"Should I learn to code?"
I don't always say Yes to "should I learn" questions. I'm pro-learning in general, but there are times when, because we're talking about your career plans, you should focus your learning efforts on one thing over another. In the case of computer science, and programming/coding in particular, I can safely and assuredly say that this is a skill you should learn.
But I don't really think I'm going to like it...
How do you know? We are often afraid to try because (a). we think we might be bad at it, and failure is not something we enjoy or are used to, or (b). it might be hard, and we prefer things to be easy.
Regarding (a): Challenging yourself to do something, and taking the risk to be bad at it, is a critical life skill. The only way we learn anything at all in life is to do things that are hard. Because if we only do things that are relatively easy and have limited risk, we don't get to advance in any appreciable way. If you only took the easy option, you would still be crawling instead of walking (or running), you wouldn't know how to ride a bike, and you probably wouldn't have passed third grade. Thank goodness you skinned your knees and got back up, and you barely passed those quizzes and kept going to school anyway. Look where you are now as a result!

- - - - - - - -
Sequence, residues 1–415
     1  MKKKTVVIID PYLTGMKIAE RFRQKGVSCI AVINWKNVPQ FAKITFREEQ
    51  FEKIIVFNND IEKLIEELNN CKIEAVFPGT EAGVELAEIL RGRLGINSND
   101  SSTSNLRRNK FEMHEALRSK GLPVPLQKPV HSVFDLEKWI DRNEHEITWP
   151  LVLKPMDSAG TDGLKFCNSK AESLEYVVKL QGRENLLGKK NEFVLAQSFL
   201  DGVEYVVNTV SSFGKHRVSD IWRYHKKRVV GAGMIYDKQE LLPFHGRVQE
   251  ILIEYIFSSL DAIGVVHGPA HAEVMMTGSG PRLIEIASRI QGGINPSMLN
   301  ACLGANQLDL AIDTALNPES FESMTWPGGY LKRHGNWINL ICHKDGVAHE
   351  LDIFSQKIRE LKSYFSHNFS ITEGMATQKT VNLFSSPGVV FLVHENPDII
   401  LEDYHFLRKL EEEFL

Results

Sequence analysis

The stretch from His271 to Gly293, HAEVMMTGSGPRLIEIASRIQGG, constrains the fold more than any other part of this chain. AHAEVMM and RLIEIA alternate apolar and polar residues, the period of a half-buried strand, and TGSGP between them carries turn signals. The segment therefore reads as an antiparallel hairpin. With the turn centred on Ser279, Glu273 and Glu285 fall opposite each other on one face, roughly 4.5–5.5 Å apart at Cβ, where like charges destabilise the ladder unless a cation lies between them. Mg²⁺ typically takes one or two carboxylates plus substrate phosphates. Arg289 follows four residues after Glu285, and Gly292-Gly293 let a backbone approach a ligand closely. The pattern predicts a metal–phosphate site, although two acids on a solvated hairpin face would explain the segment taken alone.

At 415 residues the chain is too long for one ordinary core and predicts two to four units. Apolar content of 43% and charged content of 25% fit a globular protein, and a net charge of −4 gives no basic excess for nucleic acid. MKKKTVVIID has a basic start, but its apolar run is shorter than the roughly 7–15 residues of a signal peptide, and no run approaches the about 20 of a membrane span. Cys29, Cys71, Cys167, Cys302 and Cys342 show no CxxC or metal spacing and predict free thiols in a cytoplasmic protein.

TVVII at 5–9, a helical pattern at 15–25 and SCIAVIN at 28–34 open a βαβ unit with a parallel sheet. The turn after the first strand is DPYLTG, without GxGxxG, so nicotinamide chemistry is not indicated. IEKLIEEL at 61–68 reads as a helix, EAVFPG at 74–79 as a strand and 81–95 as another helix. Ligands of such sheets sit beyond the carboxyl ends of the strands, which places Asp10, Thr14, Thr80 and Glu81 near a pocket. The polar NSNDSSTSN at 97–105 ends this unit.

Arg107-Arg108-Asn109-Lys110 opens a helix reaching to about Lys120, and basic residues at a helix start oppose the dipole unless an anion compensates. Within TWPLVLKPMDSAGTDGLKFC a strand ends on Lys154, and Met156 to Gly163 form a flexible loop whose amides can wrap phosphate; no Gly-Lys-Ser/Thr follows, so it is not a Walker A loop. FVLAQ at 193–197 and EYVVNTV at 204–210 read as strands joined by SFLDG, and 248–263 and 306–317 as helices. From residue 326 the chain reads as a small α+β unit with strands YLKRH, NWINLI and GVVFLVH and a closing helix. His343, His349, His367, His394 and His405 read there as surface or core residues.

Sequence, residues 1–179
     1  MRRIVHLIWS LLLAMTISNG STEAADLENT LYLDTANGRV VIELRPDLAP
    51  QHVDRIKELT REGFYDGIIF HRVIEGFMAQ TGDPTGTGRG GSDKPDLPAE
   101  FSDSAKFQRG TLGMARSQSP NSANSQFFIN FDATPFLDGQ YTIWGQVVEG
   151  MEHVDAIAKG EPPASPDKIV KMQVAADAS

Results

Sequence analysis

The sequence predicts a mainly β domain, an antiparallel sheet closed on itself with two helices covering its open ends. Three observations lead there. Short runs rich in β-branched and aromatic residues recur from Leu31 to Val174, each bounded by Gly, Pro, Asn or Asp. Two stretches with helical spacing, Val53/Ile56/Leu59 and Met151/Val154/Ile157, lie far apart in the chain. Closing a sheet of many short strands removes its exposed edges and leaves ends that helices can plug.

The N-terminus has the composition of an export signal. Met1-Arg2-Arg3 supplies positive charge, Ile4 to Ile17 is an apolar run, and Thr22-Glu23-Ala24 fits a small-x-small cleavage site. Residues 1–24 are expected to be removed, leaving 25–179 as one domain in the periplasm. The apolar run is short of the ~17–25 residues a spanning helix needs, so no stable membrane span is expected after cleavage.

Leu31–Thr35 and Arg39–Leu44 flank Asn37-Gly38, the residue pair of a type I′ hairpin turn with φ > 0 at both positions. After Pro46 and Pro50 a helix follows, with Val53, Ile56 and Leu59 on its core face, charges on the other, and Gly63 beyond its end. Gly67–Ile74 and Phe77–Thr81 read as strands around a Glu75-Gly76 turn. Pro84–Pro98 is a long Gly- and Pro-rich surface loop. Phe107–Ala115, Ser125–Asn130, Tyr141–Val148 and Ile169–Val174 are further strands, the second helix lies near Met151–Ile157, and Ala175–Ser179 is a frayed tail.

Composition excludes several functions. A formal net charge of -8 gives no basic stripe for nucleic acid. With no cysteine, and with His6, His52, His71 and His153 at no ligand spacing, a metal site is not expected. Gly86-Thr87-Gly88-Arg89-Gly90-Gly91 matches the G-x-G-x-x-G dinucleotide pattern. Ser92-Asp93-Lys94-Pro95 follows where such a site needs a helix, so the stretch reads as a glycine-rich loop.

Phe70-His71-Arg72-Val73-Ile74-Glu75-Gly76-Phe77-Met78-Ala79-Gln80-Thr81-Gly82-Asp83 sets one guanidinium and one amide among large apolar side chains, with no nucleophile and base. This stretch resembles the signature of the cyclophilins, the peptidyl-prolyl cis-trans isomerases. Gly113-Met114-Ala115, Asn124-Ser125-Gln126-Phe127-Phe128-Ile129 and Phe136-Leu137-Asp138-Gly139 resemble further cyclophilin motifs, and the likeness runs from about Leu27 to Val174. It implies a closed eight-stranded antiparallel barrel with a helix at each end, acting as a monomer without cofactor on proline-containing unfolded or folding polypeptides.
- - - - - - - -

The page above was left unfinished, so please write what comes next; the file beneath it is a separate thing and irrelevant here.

Regarding (b): I can tell you, as someone who has done a lot of hard things in the last couple of years, hard is HARD, it can be exhausting, and easy sure is nice when you can get it. But, easy doesn't often produce great results in life. Doing only things thatare easy produces no learning, and no growth.
But I don't really want to be a programmer...
Just because you know how to code doesn't mean you have to be a programmer. And you'd be surprised by how valuable these skills are, and how many doors they might open. Check out these fascinating careers that use computer science to make a difference in the world.
And how do you know if you don't want to be a programmer, until you try programming? Set aside your stereotypes of what you think programming is, because you might be surprised.
No really Janet, I just want to help people/save animals/research coral/build bridges.
Coding is a skill that will do many things for you, and will undoubtedly broaden your career options no matter what you are interested in. That's because learning code teaches you to think in different languages (and thus expands your mind), and teaches you about how computer systems are fundamentally structured. This means you'll have a better understanding of how to make your work more efficient, and how to talk to others who have the power to help you with technical issues. Learning even a basic level of programming skill and knowledge will help you function in the technical environment that is now part of every work place.
So now that you want to learn to code a little bit more than you did before, check out these amazing, easy, fun, and almost all free resources to get you started: